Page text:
Girls, meanwhile, are acutely aware of the culture’s double standard. They are not fooled into believing this is the so-called post-feminist age, the girl power victory lap. The rules are different for boys, and girls know it. Flagrant displays of aggression are punished with social rejection.
—Rachel Simmons, Odd Girl Out: The Hidden Culture of Aggression in Girls (Harcourt 2002, 18)
“Guys are so stupid,” asserts Vanessa (Alexa Vega). “And violent,” adds her best friend Stacy (Leah Pipes). They’ve just heard that a couple of their classmates are fighting in the gym, and dismiss such overt aggression as childish. Of course, they rush off to see who’s bloody and who’s winning. And when they see that one participant is the object of both girls’ crushes, dreamy Tony (Chad Biagini), they’re more inclined to ask how it went than to judge the fight outright. Even if boys are stupid, they’re still property worth claiming.
Lifetime’s Odd Girl Out exposes the ways that girls can also be stupid and violent, even when they’re not physically assaulting one another. The story is not new. Anyone who’s experienced high school as a girl knows how such aggression manifests. But the repetition is the very reason this story is worth telling—if only to get people talking. Kids are afraid, angry, and frustrated in high school and they find outlets in bullying others. Unfortunately, many of them learn to be adults in this way, and the behavior carries over. In this way, sadly, high school is preparation for life, not some phase you survive and move past.
This much is made clear in Odd Girl Out, where parents aren’t any better at solving, or even acknowledging the girls’ conflicts than their children. Premiering on 4 April, after a weekend full of teen troubles flicks (including Too Young to Be a Dad  and Mom at Sixteen ). Earnest and emphatic, Odd Girl Out follows Vanessa’s changing status at school. Introduced as wealthy, popular Stacy’s best friend, she’s soon pushed outside the cool girls’ group by a couple of misread encounters with Tony (he’s Stacy’s, even if they haven’t actually dated) and the onerous machinations of Nikki (Elizabeth Rice), the number three in their group who wants to be number two. The extent of this meanness recalls that represented in Mean Girls, but Lifetime does not make rowdy social satires. It makes solemn melodramas.
Here, Nessa’s predicament begins because she flirts—seemingly innocently—with Tony. Nikki sets on this betrayal with a vengeance, and organizes a veritable army of girls to ostracize and berate their former friend. They accuse her of being fat (a most terrible thing for girls/women, as any recent makeover show will attest) and having unfashionable hair (“Mayor of Planet Frizzball” is the perversely clever term they use). Stacy goes along with her clique as it sways against Nessa, calling her a “bitch” and a “slut,” oversensitive and selfish. Eventually, Nessa feels she can’t go back to school, as every moment is painful. The kids gang up in their own fear of being rejected; they laugh, stare, and walk in slow motion down shadowy hallways (it is a Lifetime melodrama, remember).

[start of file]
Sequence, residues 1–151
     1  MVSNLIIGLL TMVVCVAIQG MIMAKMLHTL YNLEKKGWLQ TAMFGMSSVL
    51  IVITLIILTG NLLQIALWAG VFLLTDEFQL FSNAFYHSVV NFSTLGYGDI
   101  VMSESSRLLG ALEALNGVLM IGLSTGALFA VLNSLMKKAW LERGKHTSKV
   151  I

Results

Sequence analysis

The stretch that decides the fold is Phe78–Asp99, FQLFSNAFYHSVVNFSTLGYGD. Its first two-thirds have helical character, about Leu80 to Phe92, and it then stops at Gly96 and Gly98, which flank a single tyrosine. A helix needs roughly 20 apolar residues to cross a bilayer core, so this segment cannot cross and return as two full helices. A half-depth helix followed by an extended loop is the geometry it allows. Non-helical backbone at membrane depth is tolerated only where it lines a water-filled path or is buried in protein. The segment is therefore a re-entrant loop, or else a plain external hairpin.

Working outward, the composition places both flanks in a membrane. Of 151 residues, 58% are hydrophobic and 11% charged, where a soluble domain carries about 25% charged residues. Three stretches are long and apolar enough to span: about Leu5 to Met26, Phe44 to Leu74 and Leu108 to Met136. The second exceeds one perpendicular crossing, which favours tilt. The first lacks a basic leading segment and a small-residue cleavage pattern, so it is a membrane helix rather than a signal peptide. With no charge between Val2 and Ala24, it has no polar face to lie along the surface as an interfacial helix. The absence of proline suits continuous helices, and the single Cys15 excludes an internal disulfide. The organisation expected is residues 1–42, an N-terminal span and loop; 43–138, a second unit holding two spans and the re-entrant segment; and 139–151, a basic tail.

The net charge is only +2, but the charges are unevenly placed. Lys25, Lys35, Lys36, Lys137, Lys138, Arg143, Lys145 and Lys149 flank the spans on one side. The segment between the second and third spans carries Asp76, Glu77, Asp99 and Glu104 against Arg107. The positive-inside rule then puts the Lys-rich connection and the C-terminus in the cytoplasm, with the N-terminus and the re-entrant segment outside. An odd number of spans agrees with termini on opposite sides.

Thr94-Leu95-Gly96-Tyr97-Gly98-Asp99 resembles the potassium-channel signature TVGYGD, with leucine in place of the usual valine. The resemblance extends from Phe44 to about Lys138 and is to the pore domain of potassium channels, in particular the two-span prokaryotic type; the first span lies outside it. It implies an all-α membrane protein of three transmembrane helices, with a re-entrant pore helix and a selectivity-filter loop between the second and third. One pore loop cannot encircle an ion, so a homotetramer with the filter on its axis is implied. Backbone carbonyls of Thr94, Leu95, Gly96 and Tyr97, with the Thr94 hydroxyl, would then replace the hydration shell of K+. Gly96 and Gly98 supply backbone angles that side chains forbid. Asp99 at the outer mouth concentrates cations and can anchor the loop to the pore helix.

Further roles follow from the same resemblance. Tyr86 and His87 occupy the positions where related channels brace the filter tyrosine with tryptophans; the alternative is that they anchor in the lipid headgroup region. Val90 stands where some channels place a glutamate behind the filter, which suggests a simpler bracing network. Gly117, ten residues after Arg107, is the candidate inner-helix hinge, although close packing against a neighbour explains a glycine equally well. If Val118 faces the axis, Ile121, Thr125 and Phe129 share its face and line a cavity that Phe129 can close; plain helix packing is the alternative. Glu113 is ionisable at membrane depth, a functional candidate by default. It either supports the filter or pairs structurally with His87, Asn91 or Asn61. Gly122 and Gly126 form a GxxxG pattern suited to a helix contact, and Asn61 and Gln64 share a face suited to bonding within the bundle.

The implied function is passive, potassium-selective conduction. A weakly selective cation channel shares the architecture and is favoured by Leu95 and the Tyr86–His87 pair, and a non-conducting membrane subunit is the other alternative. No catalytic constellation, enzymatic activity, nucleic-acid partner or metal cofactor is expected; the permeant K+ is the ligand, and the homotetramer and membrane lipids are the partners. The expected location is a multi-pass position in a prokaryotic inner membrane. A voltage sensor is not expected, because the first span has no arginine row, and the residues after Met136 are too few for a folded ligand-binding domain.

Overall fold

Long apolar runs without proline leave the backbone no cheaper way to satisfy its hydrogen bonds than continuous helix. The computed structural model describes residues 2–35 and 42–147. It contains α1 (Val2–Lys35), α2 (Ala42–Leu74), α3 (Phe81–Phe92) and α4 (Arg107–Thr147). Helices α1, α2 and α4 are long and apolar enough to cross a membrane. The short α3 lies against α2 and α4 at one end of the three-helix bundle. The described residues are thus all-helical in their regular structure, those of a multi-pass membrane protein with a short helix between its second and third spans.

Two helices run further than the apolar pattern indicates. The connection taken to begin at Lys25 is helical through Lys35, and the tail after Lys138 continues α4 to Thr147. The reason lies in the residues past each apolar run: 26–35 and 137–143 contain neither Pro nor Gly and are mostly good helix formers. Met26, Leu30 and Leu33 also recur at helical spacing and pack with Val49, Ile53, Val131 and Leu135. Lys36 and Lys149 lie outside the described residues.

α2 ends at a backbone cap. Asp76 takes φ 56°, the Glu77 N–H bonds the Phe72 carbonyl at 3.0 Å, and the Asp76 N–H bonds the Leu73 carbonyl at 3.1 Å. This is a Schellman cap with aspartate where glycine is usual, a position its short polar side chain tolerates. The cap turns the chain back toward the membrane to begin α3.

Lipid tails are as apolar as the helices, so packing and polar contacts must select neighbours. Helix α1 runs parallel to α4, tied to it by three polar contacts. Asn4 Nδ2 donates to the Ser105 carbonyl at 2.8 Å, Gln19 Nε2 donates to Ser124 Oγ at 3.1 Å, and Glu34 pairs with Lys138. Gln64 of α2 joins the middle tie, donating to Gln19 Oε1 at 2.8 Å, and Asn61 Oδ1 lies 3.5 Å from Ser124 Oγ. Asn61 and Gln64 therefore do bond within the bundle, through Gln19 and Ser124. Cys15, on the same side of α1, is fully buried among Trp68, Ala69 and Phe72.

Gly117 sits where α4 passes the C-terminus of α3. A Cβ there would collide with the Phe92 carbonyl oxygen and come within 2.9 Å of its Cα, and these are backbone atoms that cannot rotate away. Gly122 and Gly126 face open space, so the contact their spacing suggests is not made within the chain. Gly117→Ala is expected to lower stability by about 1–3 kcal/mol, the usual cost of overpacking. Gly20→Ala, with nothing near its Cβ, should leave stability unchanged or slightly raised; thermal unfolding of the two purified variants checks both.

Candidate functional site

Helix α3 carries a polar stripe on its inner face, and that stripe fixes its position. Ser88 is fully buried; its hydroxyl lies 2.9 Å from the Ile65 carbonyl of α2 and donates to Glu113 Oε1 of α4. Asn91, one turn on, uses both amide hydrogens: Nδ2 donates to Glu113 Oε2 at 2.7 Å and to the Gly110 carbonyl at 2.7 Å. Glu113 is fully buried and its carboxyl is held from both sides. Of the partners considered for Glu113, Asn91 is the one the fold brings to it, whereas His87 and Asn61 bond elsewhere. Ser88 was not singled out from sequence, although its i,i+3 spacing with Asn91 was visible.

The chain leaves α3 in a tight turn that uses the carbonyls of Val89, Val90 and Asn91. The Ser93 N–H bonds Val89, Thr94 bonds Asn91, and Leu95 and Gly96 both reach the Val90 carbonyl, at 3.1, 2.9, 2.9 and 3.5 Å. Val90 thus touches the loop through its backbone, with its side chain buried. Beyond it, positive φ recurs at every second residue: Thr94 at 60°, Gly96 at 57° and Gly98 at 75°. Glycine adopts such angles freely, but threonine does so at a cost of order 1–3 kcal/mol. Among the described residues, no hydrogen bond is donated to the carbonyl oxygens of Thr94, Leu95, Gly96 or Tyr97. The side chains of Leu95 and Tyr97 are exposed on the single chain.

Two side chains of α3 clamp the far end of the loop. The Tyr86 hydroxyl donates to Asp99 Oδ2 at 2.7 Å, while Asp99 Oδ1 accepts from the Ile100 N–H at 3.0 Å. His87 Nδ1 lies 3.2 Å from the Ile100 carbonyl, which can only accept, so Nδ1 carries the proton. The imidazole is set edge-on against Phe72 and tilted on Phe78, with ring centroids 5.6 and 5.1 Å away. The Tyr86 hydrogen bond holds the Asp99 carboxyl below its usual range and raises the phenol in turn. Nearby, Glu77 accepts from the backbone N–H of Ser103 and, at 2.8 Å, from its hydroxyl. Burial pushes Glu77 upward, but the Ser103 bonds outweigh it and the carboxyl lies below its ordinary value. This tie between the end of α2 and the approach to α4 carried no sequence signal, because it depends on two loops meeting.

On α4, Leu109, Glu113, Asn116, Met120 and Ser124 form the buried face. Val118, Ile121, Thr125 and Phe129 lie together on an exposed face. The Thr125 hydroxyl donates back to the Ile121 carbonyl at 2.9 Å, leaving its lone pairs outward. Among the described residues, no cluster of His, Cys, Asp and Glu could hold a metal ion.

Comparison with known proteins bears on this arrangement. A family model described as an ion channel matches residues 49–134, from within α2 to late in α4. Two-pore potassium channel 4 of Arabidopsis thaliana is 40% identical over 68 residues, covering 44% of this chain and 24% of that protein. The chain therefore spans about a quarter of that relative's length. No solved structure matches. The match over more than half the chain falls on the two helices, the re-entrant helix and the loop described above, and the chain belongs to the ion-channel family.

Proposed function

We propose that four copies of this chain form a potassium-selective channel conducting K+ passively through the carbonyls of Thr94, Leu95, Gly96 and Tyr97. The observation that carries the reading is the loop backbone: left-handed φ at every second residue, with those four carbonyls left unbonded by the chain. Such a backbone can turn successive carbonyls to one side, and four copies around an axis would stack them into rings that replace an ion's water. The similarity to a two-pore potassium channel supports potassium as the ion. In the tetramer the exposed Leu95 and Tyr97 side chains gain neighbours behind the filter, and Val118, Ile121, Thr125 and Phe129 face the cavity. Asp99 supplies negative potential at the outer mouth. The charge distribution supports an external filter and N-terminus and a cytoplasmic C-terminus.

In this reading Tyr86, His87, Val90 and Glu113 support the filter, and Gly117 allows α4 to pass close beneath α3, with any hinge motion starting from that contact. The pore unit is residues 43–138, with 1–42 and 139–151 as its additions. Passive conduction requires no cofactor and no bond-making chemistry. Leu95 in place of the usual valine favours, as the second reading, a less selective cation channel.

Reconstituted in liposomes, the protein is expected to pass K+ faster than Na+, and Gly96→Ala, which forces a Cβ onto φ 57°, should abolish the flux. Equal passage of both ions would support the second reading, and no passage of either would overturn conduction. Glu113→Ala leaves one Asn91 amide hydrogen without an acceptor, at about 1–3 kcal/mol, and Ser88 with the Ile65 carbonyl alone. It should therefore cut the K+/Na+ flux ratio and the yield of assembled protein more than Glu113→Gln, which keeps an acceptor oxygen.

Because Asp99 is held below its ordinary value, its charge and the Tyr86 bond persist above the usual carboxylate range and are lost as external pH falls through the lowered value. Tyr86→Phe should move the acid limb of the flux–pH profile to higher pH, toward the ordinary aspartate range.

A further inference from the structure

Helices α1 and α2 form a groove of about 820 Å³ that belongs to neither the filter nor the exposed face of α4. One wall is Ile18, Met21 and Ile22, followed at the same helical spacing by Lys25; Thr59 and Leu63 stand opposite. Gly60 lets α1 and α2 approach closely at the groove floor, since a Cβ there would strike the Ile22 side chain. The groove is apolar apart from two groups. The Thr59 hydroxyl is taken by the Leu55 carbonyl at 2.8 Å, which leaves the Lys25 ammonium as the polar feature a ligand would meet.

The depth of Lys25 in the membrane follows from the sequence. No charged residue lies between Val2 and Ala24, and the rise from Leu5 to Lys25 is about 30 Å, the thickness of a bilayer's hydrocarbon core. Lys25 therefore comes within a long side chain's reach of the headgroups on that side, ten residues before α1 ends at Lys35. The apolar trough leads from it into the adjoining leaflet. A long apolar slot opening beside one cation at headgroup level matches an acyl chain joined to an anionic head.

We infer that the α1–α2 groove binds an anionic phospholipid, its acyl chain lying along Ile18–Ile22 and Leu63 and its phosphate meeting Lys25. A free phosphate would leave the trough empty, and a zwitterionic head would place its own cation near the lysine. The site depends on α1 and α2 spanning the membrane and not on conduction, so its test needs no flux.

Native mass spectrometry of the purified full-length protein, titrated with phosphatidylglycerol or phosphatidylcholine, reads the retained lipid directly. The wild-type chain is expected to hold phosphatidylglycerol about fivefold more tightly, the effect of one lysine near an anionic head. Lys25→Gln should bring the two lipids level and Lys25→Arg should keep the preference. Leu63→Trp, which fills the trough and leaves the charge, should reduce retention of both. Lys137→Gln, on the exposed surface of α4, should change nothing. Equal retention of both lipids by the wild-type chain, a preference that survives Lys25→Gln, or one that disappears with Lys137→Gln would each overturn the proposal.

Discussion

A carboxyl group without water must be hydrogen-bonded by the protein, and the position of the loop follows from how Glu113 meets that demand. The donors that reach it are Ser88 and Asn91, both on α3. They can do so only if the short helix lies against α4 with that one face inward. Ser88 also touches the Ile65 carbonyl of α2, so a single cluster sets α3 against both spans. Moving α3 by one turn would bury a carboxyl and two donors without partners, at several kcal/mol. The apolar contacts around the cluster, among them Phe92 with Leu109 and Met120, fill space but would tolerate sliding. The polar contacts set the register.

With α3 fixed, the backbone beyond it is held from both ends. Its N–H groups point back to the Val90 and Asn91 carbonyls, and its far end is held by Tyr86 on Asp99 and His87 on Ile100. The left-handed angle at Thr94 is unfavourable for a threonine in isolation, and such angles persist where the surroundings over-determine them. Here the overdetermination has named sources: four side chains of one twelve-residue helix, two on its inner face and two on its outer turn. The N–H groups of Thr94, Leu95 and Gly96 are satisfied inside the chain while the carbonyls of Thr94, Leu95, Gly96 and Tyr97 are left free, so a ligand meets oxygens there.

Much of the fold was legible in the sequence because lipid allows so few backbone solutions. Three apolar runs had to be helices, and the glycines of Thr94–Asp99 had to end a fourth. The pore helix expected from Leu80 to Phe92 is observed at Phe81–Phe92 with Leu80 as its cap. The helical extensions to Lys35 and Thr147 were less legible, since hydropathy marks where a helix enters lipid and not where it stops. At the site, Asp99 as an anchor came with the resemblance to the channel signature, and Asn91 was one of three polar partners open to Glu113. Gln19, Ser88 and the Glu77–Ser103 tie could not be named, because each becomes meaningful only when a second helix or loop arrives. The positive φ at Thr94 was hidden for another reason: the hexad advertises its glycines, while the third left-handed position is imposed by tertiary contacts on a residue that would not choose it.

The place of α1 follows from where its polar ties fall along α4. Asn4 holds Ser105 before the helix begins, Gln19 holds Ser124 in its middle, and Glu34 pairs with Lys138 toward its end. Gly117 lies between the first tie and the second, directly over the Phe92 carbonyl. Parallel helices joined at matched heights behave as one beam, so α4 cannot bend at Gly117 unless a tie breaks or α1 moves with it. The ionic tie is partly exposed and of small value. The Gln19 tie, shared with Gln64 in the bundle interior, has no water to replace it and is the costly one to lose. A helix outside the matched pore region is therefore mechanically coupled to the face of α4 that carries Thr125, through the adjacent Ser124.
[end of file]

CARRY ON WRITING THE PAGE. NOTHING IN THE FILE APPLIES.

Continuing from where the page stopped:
The fact that Nessa is Latina, has a straight-A average, and less money to spend on shopping sprees than her friends are tied up in the rejection, though the film does not press race-related tensions. (Nikki also has a Latina surname, Rodriquez.) Nessa’s mother Barbara (Lisa Vidal) is single and working, alongside Stacy’s mother Denise (Rhoda Griffis), equally clueless and self-defensive when events begin to spiral out of control, as when Stacy sets up Nessa to look like she’s cheated in class.
The film underlines the specificity and ferocity of the mass rejection, as the girls mount their assault in public areas: the cafeteria, where they declare the cool girls’ table off limits for Nessa; and the internet, where they post mocking websites and send frankly horrible email messages. Though Nessa imagines she can handle it herself (if she confronts Stacy or even stands up to Nikki, the tormenting only escalates), she eventually tells her mother what’s happening. And even then, Barbara is at a loss as to what to do. (In more than one scene, you’re inclined to tell her to hug her child rather than arguing with her or stomping off in a tiff because Nessa is uncommonly rude, but then you realize, mom is also confused, still not over being bullied when she was a girl.)
The movie means very well, of course. It even includes a supportive new friend for Nessa, bold Emily (excellent Shari Dyon Perry), who announces early on that the popular girls “don’t have anything I want.” She’s a soccer player and a sharp kid, and while the film doesn’t grant her any sort of life outside of new friend for Nessa (no parents, no domestic life), Emily’s blackness makes her stand out in this apparently mostly white student body. “Truth,” assures Emily, soon serving as Nessa’s bodyguard at school, “You know you’re strong and you’re pretty and you’re smart, and they hate you for it.”
Though the film is reductive in its finale—standing up to the bullies is the most obvious and immediate solution; the music rises and the camera pushes in close to her face as Vanessa finally finds the way to do this. The “hate” issue remains unresolved. But the questions Odd Girl Out raises are crucial. Girls’ aggressions, often concealed and contained so their furiously directed releases are almost unbearable when aimed at you. Across generations and classes, girls need to find a way to talk with one another.